CHICAGO-Medical office owners and healthcare systems that needto monetize their real estate might want to consider disposing ofsome of their properties because it’s a seller’s market, accordingto capital markets experts who spoke at the 2010 Medical OfficeBuildings & Healthcare Facilities Conference.

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Nearly 600 healthcare real estate executives attended theconference, which was sponsored by the Building Owners &Managers Association. “There are a lot of distressed buyers outthere that are under pressure to make a move [to acquire assets],”says Al Pontius, managing director of Marcus & Millichap’shealthcare real estate group. “There’s a window right now forsellers, but demand will moderate come next year.”

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Pontius participated in a general sessions titled. “CapitalMarkets 2010: A Building Year”, which was moderated by JonathanWiner, executive vice president of Seavest Inc. The panel alsoincluded: Jerry Doctrow, managing director of Stifel, Nicolaus& Co. Inc.; Jeffrey Cooper, executive managing director ofSavills LLC; Jim Moloney, managing director and head of real estatefor Cain Bros. & Co.; and P.J. Camp, managing director ofShattuck Hammond Partners.

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Publicly-traded healthcare REITs are under pressure to investthe capital they’ve raised since the capital markets have loosenedDoctrow notes. Over the past 18 months, these companies have raisedmore than $1.5 billion in debt and have more than $5.3 billionavailable on their balance sheets.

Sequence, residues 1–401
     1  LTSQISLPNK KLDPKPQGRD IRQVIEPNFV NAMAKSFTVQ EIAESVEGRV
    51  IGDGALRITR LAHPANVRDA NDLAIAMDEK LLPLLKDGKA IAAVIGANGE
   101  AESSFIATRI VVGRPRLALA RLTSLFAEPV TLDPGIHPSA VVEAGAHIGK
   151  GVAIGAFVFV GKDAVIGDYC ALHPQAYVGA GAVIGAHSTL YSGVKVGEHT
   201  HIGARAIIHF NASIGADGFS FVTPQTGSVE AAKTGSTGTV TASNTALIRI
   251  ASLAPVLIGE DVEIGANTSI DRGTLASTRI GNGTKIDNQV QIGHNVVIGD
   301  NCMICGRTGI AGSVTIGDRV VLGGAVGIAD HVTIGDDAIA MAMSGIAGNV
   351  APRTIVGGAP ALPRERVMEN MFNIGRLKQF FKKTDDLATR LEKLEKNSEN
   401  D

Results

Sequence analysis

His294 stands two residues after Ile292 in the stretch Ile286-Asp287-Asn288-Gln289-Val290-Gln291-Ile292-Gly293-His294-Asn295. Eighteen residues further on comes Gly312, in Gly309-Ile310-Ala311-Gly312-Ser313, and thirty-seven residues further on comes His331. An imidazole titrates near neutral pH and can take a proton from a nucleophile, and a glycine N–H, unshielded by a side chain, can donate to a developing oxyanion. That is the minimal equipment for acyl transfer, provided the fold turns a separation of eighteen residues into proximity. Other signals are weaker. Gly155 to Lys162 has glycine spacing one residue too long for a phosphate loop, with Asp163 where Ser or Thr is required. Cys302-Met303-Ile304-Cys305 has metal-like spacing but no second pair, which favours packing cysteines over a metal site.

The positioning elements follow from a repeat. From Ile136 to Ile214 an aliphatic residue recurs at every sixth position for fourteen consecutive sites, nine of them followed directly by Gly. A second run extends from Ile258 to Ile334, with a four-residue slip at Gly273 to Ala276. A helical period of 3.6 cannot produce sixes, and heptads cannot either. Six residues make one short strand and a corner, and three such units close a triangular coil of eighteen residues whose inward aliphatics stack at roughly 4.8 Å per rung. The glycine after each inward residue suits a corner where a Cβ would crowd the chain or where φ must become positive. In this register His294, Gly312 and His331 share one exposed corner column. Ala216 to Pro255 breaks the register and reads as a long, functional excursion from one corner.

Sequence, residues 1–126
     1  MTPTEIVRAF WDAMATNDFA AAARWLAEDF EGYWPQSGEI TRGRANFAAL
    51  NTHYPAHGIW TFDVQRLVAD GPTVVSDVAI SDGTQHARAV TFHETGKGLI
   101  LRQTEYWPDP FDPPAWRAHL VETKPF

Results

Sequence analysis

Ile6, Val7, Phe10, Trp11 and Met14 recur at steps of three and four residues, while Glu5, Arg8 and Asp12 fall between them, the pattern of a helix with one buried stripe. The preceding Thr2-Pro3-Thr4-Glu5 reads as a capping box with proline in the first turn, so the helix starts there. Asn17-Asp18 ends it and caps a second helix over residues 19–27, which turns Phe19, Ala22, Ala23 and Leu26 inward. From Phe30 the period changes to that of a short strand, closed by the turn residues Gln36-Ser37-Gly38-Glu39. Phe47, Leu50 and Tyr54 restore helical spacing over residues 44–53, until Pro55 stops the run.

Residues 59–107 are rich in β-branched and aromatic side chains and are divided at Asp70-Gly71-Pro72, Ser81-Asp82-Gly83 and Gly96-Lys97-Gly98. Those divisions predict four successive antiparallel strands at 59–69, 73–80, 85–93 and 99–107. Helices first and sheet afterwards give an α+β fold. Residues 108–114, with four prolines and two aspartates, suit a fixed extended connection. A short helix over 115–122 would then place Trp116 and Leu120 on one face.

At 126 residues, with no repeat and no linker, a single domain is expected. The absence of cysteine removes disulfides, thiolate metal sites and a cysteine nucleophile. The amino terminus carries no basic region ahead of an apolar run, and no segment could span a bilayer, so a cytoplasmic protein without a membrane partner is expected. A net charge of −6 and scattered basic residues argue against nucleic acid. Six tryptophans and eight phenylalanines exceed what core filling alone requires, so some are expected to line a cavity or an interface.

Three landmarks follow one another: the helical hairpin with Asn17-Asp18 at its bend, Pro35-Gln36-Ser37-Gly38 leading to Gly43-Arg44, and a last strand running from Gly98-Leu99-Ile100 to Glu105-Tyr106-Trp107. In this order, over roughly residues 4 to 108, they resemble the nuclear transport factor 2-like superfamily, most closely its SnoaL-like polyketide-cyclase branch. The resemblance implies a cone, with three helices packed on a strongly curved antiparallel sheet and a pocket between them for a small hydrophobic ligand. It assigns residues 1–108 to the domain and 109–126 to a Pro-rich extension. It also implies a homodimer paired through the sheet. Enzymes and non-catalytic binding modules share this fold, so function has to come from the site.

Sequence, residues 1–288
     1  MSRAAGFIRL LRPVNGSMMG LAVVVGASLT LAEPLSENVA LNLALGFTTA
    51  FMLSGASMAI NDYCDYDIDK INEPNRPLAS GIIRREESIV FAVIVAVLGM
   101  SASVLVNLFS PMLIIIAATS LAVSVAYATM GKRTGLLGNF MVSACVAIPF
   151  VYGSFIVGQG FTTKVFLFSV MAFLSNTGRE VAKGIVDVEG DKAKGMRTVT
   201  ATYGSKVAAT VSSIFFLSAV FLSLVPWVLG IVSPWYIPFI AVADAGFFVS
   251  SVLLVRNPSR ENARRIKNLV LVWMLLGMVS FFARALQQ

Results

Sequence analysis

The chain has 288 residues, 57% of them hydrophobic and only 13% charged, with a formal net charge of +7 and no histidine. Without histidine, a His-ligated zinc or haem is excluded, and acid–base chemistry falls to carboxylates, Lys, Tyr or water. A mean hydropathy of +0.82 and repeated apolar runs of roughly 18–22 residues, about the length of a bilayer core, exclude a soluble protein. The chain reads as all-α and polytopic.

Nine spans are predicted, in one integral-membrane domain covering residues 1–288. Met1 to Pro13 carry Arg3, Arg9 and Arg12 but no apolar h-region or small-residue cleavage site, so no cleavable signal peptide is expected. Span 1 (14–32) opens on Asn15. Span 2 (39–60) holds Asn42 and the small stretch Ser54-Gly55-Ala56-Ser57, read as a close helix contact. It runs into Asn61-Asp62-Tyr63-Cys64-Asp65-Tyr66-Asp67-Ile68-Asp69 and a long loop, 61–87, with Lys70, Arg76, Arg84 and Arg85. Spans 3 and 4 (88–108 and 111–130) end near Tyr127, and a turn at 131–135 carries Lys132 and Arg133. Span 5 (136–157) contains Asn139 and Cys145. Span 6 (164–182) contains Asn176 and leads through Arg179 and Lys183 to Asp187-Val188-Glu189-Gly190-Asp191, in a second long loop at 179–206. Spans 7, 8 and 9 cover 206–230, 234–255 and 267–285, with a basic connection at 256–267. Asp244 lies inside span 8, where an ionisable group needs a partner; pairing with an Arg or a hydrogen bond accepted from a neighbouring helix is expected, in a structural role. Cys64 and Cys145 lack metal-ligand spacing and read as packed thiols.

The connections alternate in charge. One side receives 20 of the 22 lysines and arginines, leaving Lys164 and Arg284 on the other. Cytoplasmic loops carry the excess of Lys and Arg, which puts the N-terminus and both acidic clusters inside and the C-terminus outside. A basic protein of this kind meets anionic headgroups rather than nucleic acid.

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Moreover, the cost of debt for healthcare REITs is lower todaythan it was before the credit crisis – it’s down to 4.9 percent,according to Doctrow. “Healthcare REITs have dominatedtransactional activity, and they will be major investors,” hepredicts.

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It’s not only publicly-traded healthcare REITs that are flushwith capital, either. Non-traded healthcare REITs have been verysuccessful in raising funds from high-net worth individuals,according to Cooper. “They’ve been raising money at a fairly goodrate,” he notes.

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In fact, non-traded REITs were the most consistent buyers in2009 and are active again this year, Moloney notes. For example,Grubb & Ellis Healthcare REIT II and Healthcare Trust ofAmerica Inc. have already made significant acquisitions thisyear.

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However, many of these non-traded healthcare REITs are reachingthe end of the investment life and will be required to executivetheir exit strategy – either an IPO or wholesale acquisition byanother firm. “This is a relatively near-term event that will occurfor these entities,” Moloney points out.

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Depending on the course these non-traded REITs take, theseportfolios could provide inventory for hungry medical officebuyers. Moreover, as healthcare reform impacts hospital revenuesand reimbursements, more healthcare systems will jump on the“monetization bandwagon” and sell off some of their medical officebuildings, Camp says, providing additional medical officeinventory.

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